Monday, August 13, 2012

Endings, Beginnings

     When I first found out my son was going to have to leave for law school as soon as we got back from vacation, I offered to go down to D.C. with him to help him move, but he said no.  My husband, knowing how much it would mean to me, asked him to reconsider, and so on Saturday on the way home from Vermont, I was invited to get up at 5:30 the next morning and make a day of it.
     Did I say yes?  I ask you - Who could say no to this face?

     Not me, that's who.   So I got to visit the new apartment, meet the new roommate, see the once-and-future roommate, and watch in amazement as these three kids managed to calmly juggle: picking up a rental truck; backing it up to a loading dock at the other two's old apartment; getting the entire contents loaded and into the new apartment in less than three hours; signing the lease; picking up Nate's stuff from the storage facility, loading it onto the truck and then unloading it into the new apartment.  Do you have any idea just how many sets of KEYS this entailed, not to mention planning, cooperation, and judgment?  And readers, they pulled it all off.  Efficiently, intelligently, and with exceeding good humor.  So I was able to leave to catch my 5:00 p.m. train home with a peaceful mind, knowing that Nate is in good hands and that there is almost no problem these three couldn't handle together.
     I'm so grateful that my husband thought of this plan, and then persisted with it.  And I'm beyond grateful that, by all indications, Nate is going to find his way in the world and be happy.
     Toward the end of December of 1988, my first husband and I separated.  At the beginning of the following March, I discovered that I was four months pregnant.  (Yeah, I know, it's the question everyone asks: no, I wasn't getting my period, but I chalked it up to the stress of the separation.)  I was ten years out of law school, but had just started a new job and was only beginning to learn how to be a trial attorney.  My father had died many years earlier, and I was estranged from my mother and brother.  To put it mildly, neither my future, nor my baby's, looked remotely promising.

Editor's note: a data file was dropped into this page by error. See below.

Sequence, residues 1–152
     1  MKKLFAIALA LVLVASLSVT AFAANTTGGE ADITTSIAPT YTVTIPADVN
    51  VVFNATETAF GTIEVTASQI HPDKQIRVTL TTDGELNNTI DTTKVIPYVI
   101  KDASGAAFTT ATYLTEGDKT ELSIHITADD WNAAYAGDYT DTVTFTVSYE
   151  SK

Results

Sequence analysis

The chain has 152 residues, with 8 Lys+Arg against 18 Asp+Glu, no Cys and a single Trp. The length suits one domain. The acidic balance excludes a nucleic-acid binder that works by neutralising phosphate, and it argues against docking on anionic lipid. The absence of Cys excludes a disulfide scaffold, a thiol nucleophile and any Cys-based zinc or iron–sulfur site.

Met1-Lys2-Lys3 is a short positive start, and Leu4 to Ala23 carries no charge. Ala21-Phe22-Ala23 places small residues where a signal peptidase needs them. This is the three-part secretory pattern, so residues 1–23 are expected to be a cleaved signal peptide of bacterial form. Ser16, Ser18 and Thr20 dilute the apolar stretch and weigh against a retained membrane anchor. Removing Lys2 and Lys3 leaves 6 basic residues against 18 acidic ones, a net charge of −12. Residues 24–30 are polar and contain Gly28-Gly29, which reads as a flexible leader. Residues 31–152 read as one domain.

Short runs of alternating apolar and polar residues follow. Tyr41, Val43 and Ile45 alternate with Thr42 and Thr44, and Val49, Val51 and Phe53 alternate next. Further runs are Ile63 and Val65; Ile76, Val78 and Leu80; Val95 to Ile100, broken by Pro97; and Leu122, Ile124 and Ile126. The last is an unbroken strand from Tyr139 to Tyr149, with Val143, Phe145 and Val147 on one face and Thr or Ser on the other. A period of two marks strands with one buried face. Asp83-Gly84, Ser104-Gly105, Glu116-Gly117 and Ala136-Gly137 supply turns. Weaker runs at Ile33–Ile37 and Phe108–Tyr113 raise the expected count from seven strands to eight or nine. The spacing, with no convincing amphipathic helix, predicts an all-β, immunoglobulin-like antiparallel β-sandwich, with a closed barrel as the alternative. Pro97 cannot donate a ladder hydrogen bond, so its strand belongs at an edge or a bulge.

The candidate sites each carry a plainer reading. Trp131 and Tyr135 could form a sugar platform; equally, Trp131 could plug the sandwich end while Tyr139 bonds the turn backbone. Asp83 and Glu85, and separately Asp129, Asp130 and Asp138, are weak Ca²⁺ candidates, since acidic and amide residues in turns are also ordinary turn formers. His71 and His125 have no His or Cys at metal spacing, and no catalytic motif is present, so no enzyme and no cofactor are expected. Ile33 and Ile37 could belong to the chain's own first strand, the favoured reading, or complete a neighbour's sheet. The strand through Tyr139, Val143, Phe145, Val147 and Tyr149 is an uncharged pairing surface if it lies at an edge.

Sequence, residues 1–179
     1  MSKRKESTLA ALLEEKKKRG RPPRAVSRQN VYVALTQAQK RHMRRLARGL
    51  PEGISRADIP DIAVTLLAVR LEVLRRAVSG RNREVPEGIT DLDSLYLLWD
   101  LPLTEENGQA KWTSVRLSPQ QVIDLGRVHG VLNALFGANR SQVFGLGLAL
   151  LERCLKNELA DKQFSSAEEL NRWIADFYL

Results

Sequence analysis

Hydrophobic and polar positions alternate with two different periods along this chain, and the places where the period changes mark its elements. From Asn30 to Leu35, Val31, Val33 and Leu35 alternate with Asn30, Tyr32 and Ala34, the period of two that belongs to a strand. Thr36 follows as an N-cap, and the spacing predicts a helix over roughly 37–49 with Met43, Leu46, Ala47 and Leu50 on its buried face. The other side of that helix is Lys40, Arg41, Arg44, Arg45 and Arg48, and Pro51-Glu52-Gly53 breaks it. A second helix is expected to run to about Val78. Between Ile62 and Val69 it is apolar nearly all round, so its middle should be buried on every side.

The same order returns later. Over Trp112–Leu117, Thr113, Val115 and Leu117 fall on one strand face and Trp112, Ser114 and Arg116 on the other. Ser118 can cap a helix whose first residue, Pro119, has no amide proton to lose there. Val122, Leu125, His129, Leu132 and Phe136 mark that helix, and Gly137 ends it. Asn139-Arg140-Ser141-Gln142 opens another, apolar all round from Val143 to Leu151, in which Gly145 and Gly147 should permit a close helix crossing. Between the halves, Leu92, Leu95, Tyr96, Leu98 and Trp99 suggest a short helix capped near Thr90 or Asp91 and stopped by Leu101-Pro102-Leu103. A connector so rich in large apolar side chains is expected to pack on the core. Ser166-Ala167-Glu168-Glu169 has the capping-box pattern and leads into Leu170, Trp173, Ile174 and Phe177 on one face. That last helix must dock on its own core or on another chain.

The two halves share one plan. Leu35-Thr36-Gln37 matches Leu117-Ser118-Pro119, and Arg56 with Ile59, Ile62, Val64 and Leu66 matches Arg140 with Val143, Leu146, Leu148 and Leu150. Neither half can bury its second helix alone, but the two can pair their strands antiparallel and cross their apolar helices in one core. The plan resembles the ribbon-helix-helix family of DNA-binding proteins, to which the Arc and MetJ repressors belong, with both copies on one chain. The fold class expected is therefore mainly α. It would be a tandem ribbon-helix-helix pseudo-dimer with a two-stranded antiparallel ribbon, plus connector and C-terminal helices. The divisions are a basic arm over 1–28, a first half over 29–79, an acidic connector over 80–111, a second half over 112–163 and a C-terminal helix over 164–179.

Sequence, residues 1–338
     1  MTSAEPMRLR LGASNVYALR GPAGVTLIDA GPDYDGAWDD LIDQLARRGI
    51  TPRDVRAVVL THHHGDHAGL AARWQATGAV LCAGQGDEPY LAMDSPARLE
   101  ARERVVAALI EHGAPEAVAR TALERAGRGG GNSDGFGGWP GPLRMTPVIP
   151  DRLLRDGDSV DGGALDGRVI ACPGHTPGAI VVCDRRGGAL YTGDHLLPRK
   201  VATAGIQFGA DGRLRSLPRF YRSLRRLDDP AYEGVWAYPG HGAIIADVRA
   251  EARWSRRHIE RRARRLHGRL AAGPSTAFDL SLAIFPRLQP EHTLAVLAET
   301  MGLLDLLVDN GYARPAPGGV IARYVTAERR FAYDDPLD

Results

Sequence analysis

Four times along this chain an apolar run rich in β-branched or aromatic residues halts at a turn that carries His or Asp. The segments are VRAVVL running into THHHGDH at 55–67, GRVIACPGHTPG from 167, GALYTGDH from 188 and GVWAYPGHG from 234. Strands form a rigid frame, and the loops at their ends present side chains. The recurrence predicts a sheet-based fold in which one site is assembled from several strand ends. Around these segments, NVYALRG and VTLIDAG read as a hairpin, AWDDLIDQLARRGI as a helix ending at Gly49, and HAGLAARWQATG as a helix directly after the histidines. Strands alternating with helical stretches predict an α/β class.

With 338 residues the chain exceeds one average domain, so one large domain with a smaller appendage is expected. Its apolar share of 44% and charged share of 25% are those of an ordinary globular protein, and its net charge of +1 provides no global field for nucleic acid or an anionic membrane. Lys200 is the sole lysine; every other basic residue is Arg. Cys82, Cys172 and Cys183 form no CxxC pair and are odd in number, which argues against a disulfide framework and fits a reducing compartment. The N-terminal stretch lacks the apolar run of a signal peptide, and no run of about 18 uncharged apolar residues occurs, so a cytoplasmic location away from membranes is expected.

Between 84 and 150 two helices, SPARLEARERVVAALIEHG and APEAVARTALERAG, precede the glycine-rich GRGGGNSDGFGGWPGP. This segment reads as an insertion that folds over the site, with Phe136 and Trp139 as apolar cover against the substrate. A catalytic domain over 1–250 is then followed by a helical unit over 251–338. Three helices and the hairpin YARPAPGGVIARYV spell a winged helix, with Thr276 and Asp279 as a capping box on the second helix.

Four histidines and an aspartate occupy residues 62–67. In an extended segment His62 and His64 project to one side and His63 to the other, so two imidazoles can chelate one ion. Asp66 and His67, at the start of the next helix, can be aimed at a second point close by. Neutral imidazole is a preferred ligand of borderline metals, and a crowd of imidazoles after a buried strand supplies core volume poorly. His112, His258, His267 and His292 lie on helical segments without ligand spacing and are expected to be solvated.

But we made it, Nathan and I.  Somehow, as a single parent from Day One, in all of my ignorance of what good mothering would even look like, in all of my terror, I managed to blunder my way into doing a lot of things right.   I must have.  Look at him.


  1. You raised a doer, an organizer, an independent thinker with good judgement and people skills. What more could a mom want? Nice post.

  2. Oh, thank you, Genevieve! What a perfect thing to say!

  3. You should be extremely proud of him AND of yourself. The world sometimes hands out lemons. You created a beautiuful batch of lemonade.

    1. THANK YOU, Pam! I really don't go in much for patting myself on the back, but this did seem to me like a worthy occasion for it. I love following your blog! Everything you write about your mom makes me laugh, and a lot of your other posts make me think. Both are good ways to spend one's time.

  4. Susan, this post struck a chord with me, for sure. I, too, am a single mother, though I do have family around.

    I was heavily involved setting up my son when he first started college, and I was concerned about him being responsible, making all his classes, waking up in the morning, etc. He very quickly showed that, once left on his own, he was more than capable :)

    Four years later, when he was going to commute that last year (he went 5 1/2 because he double-majored and minored), he had to be moved out of the house he was living in. It was hilarious, his insistance on me NOT going to help. Susan, I'm going to forward to you the email I sent out to the family and friends who know my son, so they could laugh as I did, at how that went down.

    We have sons to be so proud of :)

  5. YES, WE DO!!! We are some lucky mommas. Thanks, Donna!